While the court conceded that a company has no legal duty to disclose a general risk presented by low liquidity, and failing to point out this risk does not constitute securities fraud, affirmatively false statements do. The plaintiffs had asked the jury to consider the disparity between the “inside reality” faced by the company and the “outside message” painted by the defendant’s public statements. The court also observed that although “statements expressing opinions” are not grounds for securities fraud liability, omitting material facts or knowledge concerning statements of opinion in a way that would fool a reasonable investor, can constitute securities fraud. “Forward-looking” statements can also be actionable if they contain present representations, such as that the defendant company “enters the year of operations with strong growth prospects and a very strong balance sheet” when, in fact, that was an unreasonable assertion given the defendant’s knowledge of the time.

 In 2021, a securities fraud civil action brought against Volkswagen based on a series of alleged misrepresentations was dismissed. In its promotional statements, the German carmaker had touted its “compliance with international rules” and “fair treatment of its business partners and competitors.” It also bragged about its following of ethical principles and “pursuing the goal of offering all customers the mobility and innovation they need.”[13]

 The plaintiffs alleged that Volkswagen had engaged in various forms of anticompetitive behavior, making these statements false. However, the court called these general statements about reputation, integrity and compliance “quintessential examples of non-actionable puffery that a reasonable investor would not rely on to inform their investment decisions.” The court also shot down the idea that Volkswagen would be required to disclose its alleged unlawful actions (for which it had not been charged) even if it did turn out later that they were committed.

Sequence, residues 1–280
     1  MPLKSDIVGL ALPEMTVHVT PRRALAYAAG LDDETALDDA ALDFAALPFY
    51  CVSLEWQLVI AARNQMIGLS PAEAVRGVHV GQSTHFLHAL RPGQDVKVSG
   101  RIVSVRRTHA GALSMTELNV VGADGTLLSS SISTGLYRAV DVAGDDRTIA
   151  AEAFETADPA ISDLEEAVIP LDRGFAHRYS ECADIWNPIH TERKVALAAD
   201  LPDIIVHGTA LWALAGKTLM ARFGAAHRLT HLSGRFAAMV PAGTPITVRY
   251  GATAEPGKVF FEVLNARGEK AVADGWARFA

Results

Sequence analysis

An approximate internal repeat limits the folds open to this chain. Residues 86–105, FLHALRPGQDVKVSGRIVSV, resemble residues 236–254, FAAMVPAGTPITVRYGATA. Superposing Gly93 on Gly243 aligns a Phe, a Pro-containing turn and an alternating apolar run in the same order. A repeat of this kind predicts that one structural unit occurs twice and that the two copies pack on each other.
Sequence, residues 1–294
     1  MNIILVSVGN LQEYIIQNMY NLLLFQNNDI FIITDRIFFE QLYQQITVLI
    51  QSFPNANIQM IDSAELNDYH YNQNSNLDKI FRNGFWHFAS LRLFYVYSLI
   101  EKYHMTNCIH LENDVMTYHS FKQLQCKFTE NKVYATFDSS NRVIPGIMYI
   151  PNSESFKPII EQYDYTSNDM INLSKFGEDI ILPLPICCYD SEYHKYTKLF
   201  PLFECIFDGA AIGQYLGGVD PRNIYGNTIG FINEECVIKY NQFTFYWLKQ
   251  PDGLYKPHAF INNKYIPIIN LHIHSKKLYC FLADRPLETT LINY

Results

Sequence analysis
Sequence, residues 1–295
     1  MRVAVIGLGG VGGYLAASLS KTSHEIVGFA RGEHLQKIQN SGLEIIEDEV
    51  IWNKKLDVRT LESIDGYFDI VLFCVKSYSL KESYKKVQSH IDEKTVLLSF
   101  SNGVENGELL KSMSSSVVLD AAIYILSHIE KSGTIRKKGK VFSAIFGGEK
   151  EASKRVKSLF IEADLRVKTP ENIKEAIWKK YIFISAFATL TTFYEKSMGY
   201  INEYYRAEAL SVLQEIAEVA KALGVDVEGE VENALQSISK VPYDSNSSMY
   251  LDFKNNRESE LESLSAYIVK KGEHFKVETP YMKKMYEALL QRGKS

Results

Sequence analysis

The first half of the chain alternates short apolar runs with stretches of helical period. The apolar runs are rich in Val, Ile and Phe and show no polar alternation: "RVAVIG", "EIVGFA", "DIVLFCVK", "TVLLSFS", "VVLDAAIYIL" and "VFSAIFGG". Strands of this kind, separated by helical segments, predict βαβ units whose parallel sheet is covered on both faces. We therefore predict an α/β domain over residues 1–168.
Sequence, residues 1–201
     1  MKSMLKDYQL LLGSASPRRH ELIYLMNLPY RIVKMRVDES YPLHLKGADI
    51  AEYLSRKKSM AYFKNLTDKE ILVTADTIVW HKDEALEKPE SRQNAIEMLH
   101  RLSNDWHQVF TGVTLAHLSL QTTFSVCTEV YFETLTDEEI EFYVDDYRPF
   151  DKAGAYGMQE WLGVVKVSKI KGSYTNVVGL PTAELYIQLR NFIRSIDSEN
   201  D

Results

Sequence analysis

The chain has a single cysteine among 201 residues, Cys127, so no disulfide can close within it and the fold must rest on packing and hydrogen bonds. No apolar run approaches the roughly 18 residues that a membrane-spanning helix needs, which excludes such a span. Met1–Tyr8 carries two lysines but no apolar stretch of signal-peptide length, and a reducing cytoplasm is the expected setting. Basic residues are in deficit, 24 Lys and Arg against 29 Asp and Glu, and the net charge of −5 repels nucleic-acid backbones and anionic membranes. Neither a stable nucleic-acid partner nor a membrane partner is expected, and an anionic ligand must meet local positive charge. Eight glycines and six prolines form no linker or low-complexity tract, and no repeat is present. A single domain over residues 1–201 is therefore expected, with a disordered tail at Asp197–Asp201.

The common thread that runs through these cases is that the government must allege intentionally made false statements of facts for securities fraud charges to stand. Some of the actions alleged in the Milton indictment straddle this line. In the hydrogen production section of the indictment, the government alleges that Nikola claimed “standardization of hydrogen station” though these had not yet been produced and that the company was considering abandoning the attempt at the time. The indictment also alleges that Nikola claimed that it had contracts “signed on the dotted line,” but that these were nonbinding and cancelable. Both statements may be misleading, but it’s hard to call them outright falsehoods.

 In all, it seems that many of the statements Milton is alleged to have made her in the gray area between optimistic puffery and outright falsity. Whether a jury concludes that these constitute securities fraud and if so, whether an appellate court agrees, will be an interesting new chapter in the evolving definition of “fraud” under federal law.

[6] Id.